U.S. Supreme Court Justice Ruth Bader Ginsburg died last week at age 87. She served 27 years on America’s highest court and while she was the most dependable vote for the left wing, she also was genuinely liked by people of all political stripes. Her life and her service should be celebrated.
That said, in the real world of rough and tumble politics, the memorial celebration will be short-lived, as the focus rapidly turned to her replacement. Who should appoint the person to fill the empty seat and when should the Senate confirmation hearings be scheduled? The two questions erupted into great controversy following the news of Justice Ginsburg’s death.
Democrats are quite sure that President Trump should not choose Justice Ginsburg’s replacement until after the November election and in the event Joe Biden wins the election, Mr. Trump shouldn’t make the appointment at all. According to several high profile Democrats, the seat on the Supreme Court should sit vacant until the next president is seated.
The Republicans, however, control both the White House and the U.S. Senate and as such, have every opportunity for the president to nominate the next Justice and the U.S. Senate to vote on said nomination. President Trump has announced he fully intends to submit a nominee by the end of this week and Senate Majority Leader Mitch McConnell has promised a vote on the floor of the Senate. For their part, Democrats have promised hellfire if the vote takes place.
Prominent Democrats ranging from Senate Minority Leader Chuck Schumer to media darling Congresswoman Alexandria Ocasio-Cortez have exclaimed that unless the Republicans bend to their will, they may forever change the structure of the United States government. They threaten to pack the Supreme Court, approving four additional seats, each of which would be filled by their incoming “President Biden.” They threaten to create statehood for the District of Columbia and Puerto Rico, adding four seats to the Senate, most likely all Democrat. They threaten to get rid of the Senate filibuster altogether, meaning any Senate majority can run unchecked. In short, the Democrats are threatening to toss out any semblance of fairness and shamelessly game the system unless Mr. McConnell succumbs to their demands.
Their approach reminds me of the current blockbuster movie “TENET.” The evil antagonist in the film determines that if he can’t have his estranged wife, no one can. He intends to have her killed. That same character is eventually revealed to have a terminal illness and has decided that if he can’t enjoy the world, neither can anyone else. He intends to destroy the world. The Democrats are espousing that same approach in the 2020 election. If the system doesn’t work in the manner they think it should, they intend to burn it to the ground.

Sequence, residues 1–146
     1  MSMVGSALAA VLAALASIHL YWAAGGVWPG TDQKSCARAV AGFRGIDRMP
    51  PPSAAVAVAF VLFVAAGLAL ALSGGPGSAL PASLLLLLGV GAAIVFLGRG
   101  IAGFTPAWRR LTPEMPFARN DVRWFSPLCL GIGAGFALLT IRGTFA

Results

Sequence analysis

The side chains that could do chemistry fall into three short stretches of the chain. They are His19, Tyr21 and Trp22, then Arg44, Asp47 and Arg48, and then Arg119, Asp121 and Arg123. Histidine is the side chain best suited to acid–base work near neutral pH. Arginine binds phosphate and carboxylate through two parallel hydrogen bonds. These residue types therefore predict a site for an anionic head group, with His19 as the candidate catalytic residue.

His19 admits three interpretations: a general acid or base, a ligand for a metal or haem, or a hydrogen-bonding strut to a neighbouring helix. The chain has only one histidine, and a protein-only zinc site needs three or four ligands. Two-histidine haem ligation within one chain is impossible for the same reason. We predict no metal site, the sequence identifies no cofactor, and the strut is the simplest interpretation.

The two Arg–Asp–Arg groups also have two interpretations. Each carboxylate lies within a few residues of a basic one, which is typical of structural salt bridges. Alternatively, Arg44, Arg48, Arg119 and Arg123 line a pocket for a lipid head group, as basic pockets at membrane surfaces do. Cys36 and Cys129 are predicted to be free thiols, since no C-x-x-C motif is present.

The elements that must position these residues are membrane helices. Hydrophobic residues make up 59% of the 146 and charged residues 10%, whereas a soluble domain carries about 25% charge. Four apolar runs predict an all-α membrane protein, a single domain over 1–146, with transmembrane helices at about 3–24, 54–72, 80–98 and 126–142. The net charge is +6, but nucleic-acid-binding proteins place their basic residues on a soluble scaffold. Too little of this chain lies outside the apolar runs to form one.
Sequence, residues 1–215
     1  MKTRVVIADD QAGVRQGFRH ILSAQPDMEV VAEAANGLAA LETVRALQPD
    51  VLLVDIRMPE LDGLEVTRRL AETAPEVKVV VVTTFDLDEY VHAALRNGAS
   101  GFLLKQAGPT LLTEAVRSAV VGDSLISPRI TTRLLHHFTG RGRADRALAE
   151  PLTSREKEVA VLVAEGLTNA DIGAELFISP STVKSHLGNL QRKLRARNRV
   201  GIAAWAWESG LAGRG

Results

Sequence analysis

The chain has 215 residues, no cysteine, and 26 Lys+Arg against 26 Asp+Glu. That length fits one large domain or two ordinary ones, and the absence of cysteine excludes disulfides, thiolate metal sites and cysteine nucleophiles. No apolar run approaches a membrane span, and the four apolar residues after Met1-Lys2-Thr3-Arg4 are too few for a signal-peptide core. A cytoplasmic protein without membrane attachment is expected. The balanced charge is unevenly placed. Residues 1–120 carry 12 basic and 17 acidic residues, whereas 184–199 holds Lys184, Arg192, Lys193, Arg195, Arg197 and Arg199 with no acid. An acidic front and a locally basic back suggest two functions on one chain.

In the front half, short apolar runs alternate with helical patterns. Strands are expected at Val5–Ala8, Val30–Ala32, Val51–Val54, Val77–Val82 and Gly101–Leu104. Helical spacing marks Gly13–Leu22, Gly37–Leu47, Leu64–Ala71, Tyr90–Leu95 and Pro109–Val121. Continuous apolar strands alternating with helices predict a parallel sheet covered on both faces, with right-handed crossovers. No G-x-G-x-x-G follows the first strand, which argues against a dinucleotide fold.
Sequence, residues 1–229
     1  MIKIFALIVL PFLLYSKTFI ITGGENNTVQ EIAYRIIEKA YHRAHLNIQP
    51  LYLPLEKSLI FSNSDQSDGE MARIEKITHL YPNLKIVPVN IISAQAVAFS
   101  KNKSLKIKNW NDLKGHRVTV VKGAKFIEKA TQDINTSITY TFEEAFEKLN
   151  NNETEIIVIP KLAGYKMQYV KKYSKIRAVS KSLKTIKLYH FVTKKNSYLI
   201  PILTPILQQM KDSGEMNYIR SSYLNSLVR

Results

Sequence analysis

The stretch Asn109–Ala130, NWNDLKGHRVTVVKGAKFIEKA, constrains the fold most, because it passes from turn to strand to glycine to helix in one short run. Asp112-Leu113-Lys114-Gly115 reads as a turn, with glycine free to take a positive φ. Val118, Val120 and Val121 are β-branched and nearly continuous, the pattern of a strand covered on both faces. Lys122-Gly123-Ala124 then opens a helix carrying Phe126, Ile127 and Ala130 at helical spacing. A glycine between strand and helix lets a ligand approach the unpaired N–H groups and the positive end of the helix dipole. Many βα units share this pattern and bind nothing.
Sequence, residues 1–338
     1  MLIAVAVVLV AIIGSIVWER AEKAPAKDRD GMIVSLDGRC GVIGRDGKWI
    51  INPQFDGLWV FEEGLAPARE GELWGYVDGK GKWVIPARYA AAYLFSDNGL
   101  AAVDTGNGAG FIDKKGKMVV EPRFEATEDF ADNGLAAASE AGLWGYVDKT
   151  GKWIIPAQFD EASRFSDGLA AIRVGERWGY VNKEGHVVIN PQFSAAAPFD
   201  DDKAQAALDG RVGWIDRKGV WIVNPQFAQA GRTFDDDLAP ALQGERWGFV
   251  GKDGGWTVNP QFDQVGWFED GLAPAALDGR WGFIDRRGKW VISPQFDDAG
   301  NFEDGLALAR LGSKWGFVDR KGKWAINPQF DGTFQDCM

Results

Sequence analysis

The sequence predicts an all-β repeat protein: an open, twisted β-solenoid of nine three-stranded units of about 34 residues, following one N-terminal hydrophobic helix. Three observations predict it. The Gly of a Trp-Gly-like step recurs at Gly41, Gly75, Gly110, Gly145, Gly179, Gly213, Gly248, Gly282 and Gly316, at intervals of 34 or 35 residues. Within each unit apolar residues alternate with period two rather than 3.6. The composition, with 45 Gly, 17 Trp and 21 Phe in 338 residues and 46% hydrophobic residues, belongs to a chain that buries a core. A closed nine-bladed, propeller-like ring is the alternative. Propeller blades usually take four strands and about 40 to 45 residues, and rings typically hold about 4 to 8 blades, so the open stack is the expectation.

Eric Holder served as attorney general during the Obama administration. This past weekend he was quoted as saying “So I think that if, if in fact [the Republicans] are successful in placing a justice on the court, I think that what Democrats have to do — assuming Biden is president and there is a Senate majority for the Democrats — we need to think about court reform. And at a minimum, as part of that reform package, I think additional justices need to be placed on the Supreme Court.”
Longtime Democrat Sen. Ed Markey and House Judiciary Committee Chairman Jerrold Nadler both made similar statements. While complaining that the Republicans aren’t following a precedent Democrats say was set in 2016, they threaten to completely throw away the nine-justice court that has been in place since 1860. Total hypocrisy.
Speaking of hypocrisy, let’s review quotes from some of those Democrats from 2016.
“We have a responsibility,” Nancy Pelosi said. “We take an oath to protect and defend the Constitution of the United States.
Joe Biden offered, “The American people deserve a fully-staffed court of nine.”